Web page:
French Onion Soup

January 13, 2016
French Onion Soup - This version of the classic is gorgeously cheesy, not gunky. Slow cooking gives the broth depth of flavor and a silky texture

Has anyone else ever been overwhelmed by

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all of the recipes you’ve saved to try?

Every year around the holidays, when I have a bit of free time, I try to tackle some much-needed organization.  This year, my ever-growing assortment of recipes

My goodness, I have them clipped to One Note, bookmarked, saved to Word Docs, pinned to Pinterest boards, flagged in cookbooks and magazines.  I’m beginning to wonder if I want to cook every delicious thing I see(!)

Part-way through, I couldn’t help but smile and think about my brother. The last time we were together, he asked what my process was when it came to recipe organization.  Looking at my scattered collection, no wonder I didn’t have a clear answer.

French Onion Soup - This version of the classic is gorgeously cheesy, not gunky. Slow cooking gives the broth depth of flavor and a silky texture

Is it too much to dream of corralling all of these great recipes into one place?  Making myself into an equal-opportunity cook,  where a handwritten recipe from a friend has just as much appeal as a casserole from an old church cookbook, like that from a favorite blogger.

So I’ve taken a cue from him and started asking friends, as well as fellow Iowa food bloggers for inspiration.  It’s been a lot of fun hearing their answers


There are so many pieces of software offering variations on the theme of a one-stop organization.  The best of which have app components so you can use them on laptops, tablets, and smartphones, letting us have our recipes (and shopping lists) at our fingertips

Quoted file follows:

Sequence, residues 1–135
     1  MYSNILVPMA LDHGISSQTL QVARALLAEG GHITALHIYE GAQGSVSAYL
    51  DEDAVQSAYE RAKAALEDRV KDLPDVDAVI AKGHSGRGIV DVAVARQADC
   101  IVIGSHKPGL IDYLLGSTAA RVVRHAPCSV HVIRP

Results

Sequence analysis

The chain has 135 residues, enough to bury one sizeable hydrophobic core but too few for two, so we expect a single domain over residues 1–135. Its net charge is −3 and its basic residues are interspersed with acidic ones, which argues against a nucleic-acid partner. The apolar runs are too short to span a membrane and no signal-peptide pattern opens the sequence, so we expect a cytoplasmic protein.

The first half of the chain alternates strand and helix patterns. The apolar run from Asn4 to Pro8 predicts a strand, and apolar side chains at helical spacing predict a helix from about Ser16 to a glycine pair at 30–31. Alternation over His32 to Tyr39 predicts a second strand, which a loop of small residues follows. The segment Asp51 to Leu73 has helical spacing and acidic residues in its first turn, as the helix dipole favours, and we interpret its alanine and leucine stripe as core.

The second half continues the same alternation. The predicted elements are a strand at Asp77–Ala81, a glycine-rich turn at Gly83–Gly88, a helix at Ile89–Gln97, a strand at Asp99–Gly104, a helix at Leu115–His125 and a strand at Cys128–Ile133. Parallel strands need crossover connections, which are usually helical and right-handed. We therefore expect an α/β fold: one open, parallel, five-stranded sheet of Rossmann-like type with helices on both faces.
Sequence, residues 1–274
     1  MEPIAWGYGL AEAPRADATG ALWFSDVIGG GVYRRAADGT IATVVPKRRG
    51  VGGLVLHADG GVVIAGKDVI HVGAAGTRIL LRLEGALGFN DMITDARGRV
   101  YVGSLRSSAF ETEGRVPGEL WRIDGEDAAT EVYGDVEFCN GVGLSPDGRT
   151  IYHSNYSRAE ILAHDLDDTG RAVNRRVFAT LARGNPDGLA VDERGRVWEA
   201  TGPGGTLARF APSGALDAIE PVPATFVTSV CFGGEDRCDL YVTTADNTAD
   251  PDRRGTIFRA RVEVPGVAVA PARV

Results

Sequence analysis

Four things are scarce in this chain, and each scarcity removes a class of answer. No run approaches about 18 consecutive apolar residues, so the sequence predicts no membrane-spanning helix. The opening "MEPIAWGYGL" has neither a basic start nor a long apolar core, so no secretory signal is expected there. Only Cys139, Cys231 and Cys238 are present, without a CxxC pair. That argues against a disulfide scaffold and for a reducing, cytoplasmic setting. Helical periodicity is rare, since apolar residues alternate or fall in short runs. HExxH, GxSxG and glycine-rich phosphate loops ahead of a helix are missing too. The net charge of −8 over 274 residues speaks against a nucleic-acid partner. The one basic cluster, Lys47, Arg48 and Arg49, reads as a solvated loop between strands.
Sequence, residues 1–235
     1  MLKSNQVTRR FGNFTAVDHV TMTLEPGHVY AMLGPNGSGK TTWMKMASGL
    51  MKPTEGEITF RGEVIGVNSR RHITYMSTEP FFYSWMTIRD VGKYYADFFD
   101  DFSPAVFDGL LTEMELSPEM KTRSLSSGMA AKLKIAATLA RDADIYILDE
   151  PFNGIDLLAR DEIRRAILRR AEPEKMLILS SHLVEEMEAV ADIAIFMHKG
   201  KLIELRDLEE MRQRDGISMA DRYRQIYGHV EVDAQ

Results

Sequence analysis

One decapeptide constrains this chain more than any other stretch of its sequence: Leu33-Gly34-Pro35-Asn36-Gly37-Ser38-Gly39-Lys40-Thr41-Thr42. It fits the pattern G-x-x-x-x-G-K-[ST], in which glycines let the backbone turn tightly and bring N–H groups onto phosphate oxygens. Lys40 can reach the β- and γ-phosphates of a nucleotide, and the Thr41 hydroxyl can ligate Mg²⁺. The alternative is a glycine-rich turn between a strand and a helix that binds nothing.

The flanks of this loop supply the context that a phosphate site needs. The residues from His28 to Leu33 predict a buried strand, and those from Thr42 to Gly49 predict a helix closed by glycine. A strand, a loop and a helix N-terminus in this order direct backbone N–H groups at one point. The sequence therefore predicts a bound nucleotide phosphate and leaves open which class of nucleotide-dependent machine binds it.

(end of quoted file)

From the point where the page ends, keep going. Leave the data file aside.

A few that were mentioned?  Paprika .. Big Oven .. Recipe Box .. and Pepperplate.

Other digital resources?  Evernote – a friend, loves it because it’s free and multi-platform.  She’s able to scan handwritten recipes, along with those typed online.  For those she hasn’t scanned, she still makes an entry with a note where to find it “in February’s Food & Wine Magazine.”

Eat Your Books – A resource that will help us search through recipes in our own collections.  It’s especially great if you have a sizable stockpile of cookbooks

Pinterest – Honestly one of my favorites, with pretty pictures galore(!)  I love the quick visual, and the ability to see a picture along with the recipe’s name.  One blogger wrote, “I just pin everything.  If it comes from a favorite book, usually I can find a blogger who wrote about it somewhere.”

MacGourmet – This one was new to me.  It’s an online organizer of recipes with an added twist.  A cookbook builder that lets you create your own look, including text, image and divider pages, a table of contents template, and PDF options.

French Onion Soup - This version of the classic is gorgeously cheesy, not gunky. Slow cooking gives the broth depth of flavor and a silky texture


Even though it’s 2015, it turns out there are more people than I ever expected who prefer the old-school way of organization.

“While I love what digital can do for so many things in life, I’m still much more fond of a food-splattered binder, and paper that I can write in the margins.” 

“If I have a recipe that’s handed down to me on paper, I keep that (I’m sentimental that way), but I will file it in a binder.”